Dr. Prentice adds, however, that it is unlikely that large numbers of mature human oocytes would actually be available for the production of embryonic stem cells, particularly if hundreds are required to produce each embryonic stem cell line. “The technical capability for nuclear transfer would also need to be widely available, and this is unlikely,” he says. Dr. Alan Trounson adds,

“In addition, epigenetic remnants of the somatic cell used as the nuclear donor can cause major functional problems in development, which must remain a concern for embryonic stem cells derived by nuclear transfer. Although it is possible to customize embryonic stem cells by therapeutic cloning or cytoplasmic transfer, it would appear unlikely that these strategies will be used extensively for producing embryonic stem cells compatible for transplantation.” (Alan O. Trounson, “The derivation and potential use of human embryonic stem cells,” Reproduction, Fertility and Development, 2001).

As Dr. Irving Weissman of Stanford University stated in his testimony before the President’s Council on Bioethics,

“I should say that when you put the nucleus in from a somatic cell, the mitochondria still come from the host. And in mouse studies it is clear that those genetic differences can lead to a mild but certainly effective transplant rejection, and so immunosuppression, mild though it is, will be required for that.” (Dr. Irving Weissman, 2/13/02, before the President’s Council on Bioethics).

Dr. Alan Trounson, the Australian embryonic stem cell expert and a globally recognized leader in the field, has stated that cloning has now become “unnecessary and obsolete”. He says that stem cell research has advanced so rapidly, just in the past few months alone, that therapeutic cloning is now unnecessary. “My view,” he states, “is that there are at least three or four other alternatives that are more attractive already.” In light of this realization, he has abandoned his own work in therapeutic cloning, turning his attention instead to the more promising field of stem cell research.

Emphasizing the point that therapeutic cloning faces too many “logistical problems,” and that other techniques show “greater promise” and offer “better options,” Dr. Trounson adds, “I can’t see why, then, you would argue for therapeutic cloning in the long term, because it is so difficult to get eggs and you’ve got this issue of [destroying] embryos as well.” (“Stem cell cloning not needed, says scientist”, The Age [Melbourne], 7/29/2002; “Stem cell research outpaces cloning”, The Australian, 7/29/2002; “Therapeutic cloning no longer necessary: expert”, AAP Newsfeed, 7/29/2002).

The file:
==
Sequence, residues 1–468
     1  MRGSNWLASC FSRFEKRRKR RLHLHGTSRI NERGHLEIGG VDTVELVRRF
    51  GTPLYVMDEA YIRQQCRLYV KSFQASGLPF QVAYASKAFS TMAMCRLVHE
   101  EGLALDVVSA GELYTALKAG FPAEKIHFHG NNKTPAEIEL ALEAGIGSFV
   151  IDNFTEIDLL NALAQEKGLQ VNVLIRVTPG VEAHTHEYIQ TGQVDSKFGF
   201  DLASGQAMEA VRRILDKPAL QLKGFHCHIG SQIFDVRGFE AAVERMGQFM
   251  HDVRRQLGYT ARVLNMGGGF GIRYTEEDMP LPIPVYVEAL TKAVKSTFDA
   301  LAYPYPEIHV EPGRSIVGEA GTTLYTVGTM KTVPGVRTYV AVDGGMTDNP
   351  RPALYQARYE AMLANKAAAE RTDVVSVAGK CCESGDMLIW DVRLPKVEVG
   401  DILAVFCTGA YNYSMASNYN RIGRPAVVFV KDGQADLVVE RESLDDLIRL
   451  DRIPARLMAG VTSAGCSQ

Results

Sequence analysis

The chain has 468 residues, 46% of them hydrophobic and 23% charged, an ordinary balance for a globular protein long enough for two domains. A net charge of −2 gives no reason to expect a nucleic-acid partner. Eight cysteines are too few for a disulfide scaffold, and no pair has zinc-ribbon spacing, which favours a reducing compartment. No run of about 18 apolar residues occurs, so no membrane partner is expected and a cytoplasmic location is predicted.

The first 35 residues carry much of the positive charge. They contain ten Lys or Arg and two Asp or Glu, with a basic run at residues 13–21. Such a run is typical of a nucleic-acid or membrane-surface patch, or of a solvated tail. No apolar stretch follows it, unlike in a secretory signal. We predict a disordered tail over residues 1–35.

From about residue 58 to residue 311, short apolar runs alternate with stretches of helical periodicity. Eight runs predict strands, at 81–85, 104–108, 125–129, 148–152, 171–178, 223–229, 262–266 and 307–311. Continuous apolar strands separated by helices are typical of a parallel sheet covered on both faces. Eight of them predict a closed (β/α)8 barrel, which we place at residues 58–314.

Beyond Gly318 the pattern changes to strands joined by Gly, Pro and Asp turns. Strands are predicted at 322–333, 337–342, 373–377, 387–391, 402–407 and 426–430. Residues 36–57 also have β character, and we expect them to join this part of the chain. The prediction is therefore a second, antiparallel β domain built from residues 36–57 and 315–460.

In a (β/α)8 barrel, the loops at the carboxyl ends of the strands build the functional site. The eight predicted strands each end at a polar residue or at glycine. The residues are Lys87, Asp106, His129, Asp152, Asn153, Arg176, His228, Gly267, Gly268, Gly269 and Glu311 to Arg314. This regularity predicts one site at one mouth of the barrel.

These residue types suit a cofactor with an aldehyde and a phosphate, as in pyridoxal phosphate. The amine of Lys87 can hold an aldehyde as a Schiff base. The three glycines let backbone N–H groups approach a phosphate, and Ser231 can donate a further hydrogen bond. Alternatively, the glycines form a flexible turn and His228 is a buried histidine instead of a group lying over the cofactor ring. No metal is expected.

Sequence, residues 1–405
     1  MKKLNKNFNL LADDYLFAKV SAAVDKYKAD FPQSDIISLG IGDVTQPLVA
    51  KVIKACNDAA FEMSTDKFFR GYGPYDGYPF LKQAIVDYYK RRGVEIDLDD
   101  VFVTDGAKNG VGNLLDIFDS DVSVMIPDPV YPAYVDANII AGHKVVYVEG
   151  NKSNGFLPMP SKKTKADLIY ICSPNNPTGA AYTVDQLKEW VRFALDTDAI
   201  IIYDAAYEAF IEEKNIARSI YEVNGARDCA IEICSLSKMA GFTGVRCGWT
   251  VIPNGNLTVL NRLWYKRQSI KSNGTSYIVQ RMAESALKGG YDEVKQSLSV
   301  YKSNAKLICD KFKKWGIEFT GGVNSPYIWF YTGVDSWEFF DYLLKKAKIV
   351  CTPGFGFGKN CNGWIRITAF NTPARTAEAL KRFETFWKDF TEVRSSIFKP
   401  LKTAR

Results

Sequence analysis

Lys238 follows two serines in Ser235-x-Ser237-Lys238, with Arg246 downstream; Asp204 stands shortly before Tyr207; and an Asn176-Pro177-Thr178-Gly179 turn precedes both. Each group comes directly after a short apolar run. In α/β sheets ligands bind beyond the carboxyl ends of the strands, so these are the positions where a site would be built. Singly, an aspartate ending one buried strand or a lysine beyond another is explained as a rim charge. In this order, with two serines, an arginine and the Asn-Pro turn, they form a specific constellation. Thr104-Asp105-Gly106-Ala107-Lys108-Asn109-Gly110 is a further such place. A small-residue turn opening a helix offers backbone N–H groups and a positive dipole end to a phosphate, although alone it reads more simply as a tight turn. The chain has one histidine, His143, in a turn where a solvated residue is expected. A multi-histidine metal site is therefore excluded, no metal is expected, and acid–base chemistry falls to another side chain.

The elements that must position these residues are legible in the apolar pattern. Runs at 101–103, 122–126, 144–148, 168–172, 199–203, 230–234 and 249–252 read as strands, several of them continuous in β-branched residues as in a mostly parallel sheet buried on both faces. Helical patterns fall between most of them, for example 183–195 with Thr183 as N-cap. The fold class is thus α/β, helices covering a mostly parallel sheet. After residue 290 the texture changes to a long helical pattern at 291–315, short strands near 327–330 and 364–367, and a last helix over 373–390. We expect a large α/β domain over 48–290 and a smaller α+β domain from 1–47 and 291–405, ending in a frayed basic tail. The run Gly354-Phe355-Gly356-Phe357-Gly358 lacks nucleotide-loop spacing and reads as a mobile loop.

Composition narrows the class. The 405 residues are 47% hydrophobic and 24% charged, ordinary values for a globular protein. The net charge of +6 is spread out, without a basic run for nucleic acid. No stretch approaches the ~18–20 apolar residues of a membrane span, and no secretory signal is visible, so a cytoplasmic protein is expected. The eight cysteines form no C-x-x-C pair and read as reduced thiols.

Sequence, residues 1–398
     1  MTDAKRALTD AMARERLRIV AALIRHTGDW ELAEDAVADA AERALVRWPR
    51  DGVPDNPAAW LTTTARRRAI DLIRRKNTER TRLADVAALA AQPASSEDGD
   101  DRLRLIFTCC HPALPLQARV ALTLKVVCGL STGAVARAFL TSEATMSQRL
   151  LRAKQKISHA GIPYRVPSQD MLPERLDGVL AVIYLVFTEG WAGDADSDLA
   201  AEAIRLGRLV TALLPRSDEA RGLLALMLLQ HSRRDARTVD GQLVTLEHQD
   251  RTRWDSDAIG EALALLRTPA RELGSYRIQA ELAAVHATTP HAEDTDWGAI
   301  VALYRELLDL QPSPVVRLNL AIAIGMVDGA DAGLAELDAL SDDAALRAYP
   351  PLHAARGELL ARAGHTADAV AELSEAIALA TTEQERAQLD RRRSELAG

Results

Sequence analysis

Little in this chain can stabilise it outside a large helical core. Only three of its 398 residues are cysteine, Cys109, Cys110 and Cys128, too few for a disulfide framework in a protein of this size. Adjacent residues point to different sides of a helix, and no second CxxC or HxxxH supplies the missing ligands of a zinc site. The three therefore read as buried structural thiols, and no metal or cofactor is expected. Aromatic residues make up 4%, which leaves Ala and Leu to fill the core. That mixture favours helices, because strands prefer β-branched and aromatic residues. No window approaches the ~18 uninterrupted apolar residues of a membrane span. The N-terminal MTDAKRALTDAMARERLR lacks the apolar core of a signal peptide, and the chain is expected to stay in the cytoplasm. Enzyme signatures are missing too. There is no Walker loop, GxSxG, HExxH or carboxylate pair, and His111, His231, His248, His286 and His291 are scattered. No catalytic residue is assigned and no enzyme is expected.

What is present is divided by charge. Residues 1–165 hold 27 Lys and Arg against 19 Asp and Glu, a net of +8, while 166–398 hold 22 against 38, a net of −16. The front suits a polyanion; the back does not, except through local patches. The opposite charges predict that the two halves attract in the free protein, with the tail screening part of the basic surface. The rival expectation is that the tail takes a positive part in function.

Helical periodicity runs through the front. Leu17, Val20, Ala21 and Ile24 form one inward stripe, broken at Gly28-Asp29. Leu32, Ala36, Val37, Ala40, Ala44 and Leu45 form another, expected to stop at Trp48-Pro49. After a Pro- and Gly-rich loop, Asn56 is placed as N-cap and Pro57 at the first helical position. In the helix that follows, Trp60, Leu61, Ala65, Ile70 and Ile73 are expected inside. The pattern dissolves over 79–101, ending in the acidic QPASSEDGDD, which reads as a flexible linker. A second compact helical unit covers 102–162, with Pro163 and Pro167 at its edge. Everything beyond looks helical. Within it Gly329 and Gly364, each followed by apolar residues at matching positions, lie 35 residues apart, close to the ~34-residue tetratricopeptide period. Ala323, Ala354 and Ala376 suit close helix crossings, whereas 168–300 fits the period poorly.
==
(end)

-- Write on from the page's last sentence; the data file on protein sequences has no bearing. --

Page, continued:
Many experts are now extolling the promise of regenerative medicine through stem cells, instead of through therapeutic cloning. Even the previously assumed multipotency and monopotency of adult stem cells is now being challenged by more recent data, which have demonstrated that some adult stem cells are capable of exhibiting pluripotency. The versatility of adult stem cells is thus much greater than originally thought.

Arguments against human cloning include:

  • There is no evidence that cloning is necessary or useful for medical treatments.
  • Cloning research will divert resources away from other, more worthy areas of research, and delay cures.
  • Banning only implantation (reproductive cloning) is unenforceable.
  • Cloning creates a class of human beings who exist only as a means to achieve the ends of others.
  • Cloning risks the health, safety and possible exploitation of women.
  • Cloning may possibly lead to the commodification and commercialization of human life.
  • Cloning is the “gateway” to genetic manipulation and control of human beings.